U.S. Endangered Species Act protects Tibetan antelope

Tuesday, 28 March, 2006
Yarmouth Port, MA
 The U.S. Fish and Wildlife Service (USFWS) announced that it will protect the Tibetan antelope (Pantholops hodgsonii) under the Endangered Species Act. IFAW, (The International Fund for Animal Welfare - www.ifaw.org) welcomes this decision.
Tibetan antelope, also called chiru, inhabit the high plateaus of western China. A century ago, more than one million Tibetan antelope roamed China and India. Today, the population has dropped below 75,000 due to the demand for its fur, which is used to make expensive shawls. In 1999, the Chinese government estimated that poachers kill 20,000 antelope every year to supply the international fashion market, despite national and international laws that protect the species.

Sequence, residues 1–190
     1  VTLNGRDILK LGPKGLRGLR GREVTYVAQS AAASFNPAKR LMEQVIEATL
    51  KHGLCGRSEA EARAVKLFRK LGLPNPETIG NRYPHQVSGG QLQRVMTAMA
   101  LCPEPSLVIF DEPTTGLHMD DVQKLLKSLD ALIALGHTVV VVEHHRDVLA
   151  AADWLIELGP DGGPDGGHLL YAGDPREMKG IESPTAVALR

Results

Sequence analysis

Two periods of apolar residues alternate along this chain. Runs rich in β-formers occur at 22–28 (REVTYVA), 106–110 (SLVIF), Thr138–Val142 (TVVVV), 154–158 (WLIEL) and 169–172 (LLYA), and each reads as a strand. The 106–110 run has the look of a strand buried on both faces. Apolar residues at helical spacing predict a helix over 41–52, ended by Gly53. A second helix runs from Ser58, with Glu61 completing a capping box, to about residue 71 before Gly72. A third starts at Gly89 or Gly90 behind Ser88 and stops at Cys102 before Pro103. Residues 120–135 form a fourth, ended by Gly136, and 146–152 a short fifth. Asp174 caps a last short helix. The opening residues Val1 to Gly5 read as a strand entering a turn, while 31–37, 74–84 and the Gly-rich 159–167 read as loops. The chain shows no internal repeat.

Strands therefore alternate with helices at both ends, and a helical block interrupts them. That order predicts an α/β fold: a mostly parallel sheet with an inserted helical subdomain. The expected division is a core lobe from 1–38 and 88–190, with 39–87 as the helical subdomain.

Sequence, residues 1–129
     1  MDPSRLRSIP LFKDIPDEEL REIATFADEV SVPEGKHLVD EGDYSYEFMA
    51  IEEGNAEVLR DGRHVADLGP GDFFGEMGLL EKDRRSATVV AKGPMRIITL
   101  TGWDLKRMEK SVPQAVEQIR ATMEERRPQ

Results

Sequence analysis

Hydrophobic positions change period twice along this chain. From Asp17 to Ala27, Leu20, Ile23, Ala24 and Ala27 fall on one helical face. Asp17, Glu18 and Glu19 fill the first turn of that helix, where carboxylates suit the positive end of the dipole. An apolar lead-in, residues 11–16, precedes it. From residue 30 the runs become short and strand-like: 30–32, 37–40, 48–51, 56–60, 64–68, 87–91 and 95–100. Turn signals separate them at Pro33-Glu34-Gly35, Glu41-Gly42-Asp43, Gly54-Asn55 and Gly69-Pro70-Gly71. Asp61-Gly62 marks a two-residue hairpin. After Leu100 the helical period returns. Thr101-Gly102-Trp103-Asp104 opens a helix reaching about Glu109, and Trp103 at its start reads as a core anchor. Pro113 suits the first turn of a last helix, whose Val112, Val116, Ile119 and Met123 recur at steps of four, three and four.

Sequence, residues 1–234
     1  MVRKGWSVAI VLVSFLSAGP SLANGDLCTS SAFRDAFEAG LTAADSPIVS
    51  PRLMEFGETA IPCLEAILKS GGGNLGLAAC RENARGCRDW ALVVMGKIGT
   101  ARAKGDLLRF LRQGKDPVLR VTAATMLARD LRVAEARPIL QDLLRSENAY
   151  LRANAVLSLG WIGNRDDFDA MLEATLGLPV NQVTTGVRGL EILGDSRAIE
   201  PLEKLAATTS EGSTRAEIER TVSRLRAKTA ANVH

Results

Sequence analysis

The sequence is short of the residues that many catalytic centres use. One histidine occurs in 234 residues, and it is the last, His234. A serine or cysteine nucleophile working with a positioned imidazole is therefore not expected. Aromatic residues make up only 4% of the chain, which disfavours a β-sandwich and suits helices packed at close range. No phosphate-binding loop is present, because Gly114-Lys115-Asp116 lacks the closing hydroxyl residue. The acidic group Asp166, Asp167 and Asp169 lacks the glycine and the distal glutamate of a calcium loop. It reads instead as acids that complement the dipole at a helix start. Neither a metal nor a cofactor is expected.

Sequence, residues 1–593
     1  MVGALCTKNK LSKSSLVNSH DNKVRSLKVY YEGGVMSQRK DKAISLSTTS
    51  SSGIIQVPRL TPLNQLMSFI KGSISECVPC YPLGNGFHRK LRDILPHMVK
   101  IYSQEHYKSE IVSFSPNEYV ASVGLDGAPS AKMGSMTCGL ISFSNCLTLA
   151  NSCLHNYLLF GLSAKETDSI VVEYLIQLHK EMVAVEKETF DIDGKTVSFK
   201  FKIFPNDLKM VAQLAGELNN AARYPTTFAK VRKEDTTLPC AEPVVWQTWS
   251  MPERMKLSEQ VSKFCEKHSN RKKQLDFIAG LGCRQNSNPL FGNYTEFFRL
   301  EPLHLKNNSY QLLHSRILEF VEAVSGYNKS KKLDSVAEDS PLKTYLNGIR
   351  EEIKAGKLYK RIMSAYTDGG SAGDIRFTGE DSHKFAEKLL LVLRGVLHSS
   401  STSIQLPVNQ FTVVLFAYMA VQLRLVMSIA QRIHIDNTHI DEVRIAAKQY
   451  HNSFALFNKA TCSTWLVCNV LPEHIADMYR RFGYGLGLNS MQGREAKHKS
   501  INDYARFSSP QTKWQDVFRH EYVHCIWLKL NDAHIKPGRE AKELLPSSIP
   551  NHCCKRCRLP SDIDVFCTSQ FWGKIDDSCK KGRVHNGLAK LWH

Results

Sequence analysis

For the last eight years, working in collaboration with enforcement agencies in China, India, Nepal, the UK, France and the U.S., IFAW has advocated for stronger protection for Tibetan antelope.

“Tibetan antelope are being driven to extinction for fashion products that no one needs,” said IFAW’s Asia Regional Director Grace Gabriel. “The Endangered Species Act listing provides U.S. law enforcement agencies with additional power to prosecute criminals involved in illegal trade of this highly endangered species.”

For more than 20 years, Tibetan antelope have been illegally slaughtered for their fine underbelly wool to supply expensive “shahtoosh” shawls to fashion outlets in India, New York, Paris, London and elsewhere. A single shahtoosh shawl sells for more than U.S. $15,000.

The Tibetan antelope’s range covers 50,000 square miles of rugged terrain with elevations over 13,000 feet, making anti-poaching efforts difficult. Tibetan antelope wool is smuggled through Nepal into Kashmir, where it is woven into shahtoosh shawls and sold internationally.

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